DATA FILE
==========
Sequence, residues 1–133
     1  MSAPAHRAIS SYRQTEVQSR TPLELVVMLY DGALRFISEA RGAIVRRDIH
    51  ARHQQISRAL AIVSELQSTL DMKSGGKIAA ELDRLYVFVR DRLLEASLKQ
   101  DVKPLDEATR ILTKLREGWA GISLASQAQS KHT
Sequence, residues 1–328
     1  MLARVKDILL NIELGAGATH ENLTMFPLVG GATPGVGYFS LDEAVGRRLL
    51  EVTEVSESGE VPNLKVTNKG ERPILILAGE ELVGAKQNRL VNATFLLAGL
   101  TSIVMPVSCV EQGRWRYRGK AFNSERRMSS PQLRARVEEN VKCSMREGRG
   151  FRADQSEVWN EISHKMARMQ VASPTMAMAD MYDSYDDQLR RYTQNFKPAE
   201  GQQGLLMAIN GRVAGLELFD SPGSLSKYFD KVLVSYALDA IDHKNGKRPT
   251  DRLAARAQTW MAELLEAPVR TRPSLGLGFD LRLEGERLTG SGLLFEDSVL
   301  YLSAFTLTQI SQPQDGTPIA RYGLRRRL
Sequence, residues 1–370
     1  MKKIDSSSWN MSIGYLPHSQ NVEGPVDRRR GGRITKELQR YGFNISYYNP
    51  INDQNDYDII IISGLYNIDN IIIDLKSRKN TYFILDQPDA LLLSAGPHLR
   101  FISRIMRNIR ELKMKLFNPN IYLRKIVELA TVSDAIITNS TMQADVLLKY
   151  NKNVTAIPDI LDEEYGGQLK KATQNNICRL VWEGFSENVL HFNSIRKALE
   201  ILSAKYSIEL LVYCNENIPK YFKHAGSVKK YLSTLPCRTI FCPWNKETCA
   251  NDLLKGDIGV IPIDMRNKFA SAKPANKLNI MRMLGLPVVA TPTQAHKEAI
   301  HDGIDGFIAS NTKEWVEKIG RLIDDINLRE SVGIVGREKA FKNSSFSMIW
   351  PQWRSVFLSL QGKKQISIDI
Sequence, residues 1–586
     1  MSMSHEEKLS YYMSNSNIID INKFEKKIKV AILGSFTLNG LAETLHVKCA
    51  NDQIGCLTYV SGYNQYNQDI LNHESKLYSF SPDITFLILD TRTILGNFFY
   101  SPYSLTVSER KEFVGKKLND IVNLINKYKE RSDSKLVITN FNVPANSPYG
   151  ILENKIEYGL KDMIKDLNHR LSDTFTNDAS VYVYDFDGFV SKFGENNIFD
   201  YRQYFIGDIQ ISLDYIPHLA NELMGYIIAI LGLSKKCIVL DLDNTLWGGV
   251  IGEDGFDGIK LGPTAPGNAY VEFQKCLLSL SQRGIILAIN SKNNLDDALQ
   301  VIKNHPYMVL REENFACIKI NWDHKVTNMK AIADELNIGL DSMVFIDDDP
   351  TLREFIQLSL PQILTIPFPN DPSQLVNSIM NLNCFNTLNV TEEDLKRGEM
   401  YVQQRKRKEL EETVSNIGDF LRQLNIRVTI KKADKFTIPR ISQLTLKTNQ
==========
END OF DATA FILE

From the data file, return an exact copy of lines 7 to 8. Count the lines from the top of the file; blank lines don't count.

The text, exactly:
    51  EVTEVSESGE VPNLKVTNKG ERPILILAGE ELVGAKQNRL VNATFLLAGL
   101  TSIVMPVSCV EQGRWRYRGK AFNSERRMSS PQLRARVEEN VKCSMREGRG